Student loan refinancing is when you apply for a new loan to pay off your current student loans, usually to lower your interest rate or extend your payoff timeline. If you have a federal student loan, you must refinance with a private lender. If you have private student loans, you can refinance with the same lender or choose a new one — which is why it’s so important to shop around first.

Key takeaway
Student loan refinancing replaces an existing loan with a new one. Most borrowers use this strategy to get a lower interest rate and, in turn, a cheaper loan.

How does student loan refinancing work?

If you decide to refinance your student loans, you’ll need to choose which student loans you want to refinance. After that, it’s time to browse lender websites to see what rates and terms are being offered. Refinancing is available only through private lenders, which is an important consideration if you have federal student loans. By refinancing, you’ll lose federal protections like specialized repayment plans and potential loan forgiveness.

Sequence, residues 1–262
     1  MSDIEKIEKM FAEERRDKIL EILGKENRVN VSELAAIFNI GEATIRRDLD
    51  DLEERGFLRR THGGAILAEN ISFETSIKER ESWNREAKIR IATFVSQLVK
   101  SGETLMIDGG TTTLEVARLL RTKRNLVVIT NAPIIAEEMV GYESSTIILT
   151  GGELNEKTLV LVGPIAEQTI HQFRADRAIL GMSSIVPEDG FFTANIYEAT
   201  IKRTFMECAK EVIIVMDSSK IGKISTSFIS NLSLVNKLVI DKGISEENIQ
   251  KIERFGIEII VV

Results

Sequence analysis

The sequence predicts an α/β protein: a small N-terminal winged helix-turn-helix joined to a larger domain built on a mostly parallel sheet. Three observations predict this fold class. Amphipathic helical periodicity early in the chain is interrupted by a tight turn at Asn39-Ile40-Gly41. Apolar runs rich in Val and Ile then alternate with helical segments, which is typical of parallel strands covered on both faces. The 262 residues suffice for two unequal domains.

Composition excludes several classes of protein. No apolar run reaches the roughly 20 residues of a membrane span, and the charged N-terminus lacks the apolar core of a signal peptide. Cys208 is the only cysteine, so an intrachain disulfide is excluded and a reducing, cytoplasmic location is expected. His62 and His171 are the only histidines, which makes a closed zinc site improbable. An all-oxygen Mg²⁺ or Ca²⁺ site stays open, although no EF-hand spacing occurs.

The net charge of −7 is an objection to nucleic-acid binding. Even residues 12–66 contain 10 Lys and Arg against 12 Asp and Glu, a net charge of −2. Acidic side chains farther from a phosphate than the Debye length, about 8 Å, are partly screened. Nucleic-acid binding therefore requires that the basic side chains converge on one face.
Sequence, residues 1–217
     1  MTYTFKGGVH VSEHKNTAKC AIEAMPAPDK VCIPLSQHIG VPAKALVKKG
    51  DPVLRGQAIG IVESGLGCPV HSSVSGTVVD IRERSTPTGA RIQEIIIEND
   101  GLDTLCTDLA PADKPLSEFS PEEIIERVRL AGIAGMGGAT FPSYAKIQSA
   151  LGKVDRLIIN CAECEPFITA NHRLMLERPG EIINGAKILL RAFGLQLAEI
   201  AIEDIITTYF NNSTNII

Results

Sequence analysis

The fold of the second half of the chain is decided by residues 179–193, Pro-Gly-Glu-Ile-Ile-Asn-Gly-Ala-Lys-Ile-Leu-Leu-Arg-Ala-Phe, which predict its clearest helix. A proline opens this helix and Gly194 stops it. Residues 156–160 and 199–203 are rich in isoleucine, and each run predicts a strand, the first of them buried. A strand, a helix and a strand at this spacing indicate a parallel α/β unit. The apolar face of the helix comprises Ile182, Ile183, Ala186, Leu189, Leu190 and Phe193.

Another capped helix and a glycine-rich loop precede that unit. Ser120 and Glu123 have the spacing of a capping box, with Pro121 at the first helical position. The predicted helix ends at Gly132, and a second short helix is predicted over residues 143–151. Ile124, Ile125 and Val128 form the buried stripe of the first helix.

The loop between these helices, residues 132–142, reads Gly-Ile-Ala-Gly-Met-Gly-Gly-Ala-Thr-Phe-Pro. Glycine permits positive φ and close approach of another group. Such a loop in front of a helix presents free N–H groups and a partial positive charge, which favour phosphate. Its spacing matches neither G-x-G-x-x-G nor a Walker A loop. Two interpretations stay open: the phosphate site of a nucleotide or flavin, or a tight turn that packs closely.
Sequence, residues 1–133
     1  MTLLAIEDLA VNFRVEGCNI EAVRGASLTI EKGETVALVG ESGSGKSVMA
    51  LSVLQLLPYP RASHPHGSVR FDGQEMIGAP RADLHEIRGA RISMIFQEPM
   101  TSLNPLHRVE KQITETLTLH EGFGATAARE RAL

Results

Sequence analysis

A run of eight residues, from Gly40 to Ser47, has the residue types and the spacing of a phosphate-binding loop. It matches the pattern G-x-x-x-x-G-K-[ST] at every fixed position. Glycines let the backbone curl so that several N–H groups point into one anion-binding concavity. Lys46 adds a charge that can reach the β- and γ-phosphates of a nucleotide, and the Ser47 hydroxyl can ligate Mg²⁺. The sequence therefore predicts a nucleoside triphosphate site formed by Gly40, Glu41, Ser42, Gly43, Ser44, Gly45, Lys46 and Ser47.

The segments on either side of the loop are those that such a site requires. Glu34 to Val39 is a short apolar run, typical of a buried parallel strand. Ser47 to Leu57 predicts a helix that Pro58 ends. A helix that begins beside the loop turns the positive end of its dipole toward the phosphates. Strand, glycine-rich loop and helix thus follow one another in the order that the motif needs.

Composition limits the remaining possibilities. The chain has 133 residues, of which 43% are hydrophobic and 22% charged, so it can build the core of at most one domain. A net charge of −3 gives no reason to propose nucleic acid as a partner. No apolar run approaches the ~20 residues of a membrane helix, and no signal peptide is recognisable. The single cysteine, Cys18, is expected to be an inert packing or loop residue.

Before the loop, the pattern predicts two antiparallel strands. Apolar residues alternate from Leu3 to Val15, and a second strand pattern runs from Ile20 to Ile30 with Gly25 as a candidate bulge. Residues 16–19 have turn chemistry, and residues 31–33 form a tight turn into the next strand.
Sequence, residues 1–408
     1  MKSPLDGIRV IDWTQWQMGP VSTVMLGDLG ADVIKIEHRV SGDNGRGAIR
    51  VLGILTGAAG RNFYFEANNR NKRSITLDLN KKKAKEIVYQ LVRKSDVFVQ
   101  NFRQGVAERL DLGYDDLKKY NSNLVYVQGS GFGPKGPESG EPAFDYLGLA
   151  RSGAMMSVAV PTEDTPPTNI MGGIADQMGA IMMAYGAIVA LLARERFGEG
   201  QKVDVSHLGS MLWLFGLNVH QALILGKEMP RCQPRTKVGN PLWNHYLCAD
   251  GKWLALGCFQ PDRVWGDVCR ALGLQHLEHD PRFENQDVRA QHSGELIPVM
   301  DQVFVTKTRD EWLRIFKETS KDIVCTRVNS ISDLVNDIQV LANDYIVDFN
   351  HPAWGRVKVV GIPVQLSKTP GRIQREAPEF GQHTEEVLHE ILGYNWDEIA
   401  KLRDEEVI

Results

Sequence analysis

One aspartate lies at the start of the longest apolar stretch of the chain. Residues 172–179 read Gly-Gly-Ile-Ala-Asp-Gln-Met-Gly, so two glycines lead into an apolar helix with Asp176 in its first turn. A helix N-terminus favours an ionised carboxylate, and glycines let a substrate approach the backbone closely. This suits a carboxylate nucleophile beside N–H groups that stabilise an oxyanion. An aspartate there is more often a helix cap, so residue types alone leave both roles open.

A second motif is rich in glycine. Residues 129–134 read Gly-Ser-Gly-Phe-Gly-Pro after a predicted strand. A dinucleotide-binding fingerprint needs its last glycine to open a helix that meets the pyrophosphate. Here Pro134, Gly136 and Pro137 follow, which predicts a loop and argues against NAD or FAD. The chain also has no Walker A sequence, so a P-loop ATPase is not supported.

Many lenders offer prequalification — where you enter basic information about yourself and your existing loans in exchange for a rate quote. Prequalification, unlike a formal application, does not hurt your credit score, so it’s the best way to compare the rates available to you among lenders.

Once you’re approved for a loan, the loan funds will be used to pay off your existing student loans. From there, you’ll begin making payments on your new refinanced loan. With a lower interest rate or shorter repayment term, you’ll pay less over time on your refinanced loan than you would have with your previous loans.

If you have poor credit or a low income, you may not be approved to refinance your student loans. If you’re denied a refinance, the lender is obligated to give you a reason why. You may need to look for a co-signer to improve your credit picture.